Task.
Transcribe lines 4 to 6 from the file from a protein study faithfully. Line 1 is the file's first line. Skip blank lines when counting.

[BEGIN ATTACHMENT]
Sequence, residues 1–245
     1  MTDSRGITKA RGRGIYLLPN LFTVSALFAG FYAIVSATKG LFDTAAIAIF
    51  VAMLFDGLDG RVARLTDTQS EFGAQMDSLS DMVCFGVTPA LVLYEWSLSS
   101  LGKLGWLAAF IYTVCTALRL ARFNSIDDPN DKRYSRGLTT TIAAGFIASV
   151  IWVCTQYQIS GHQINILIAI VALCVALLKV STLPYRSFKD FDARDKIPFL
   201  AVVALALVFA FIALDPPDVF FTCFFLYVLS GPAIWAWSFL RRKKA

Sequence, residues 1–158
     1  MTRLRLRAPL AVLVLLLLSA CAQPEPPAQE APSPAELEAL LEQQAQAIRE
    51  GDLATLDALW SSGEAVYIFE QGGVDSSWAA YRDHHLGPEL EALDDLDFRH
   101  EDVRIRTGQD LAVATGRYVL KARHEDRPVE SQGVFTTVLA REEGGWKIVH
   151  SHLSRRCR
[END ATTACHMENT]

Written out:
   101  LGKLGWLAAF IYTVCTALRL ARFNSIDDPN DKRYSRGLTT TIAAGFIASV
   151  IWVCTQYQIS GHQINILIAI VALCVALLKV STLPYRSFKD FDARDKIPFL
   201  AVVALALVFA FIALDPPDVF FTCFFLYVLS GPAIWAWSFL RRKKA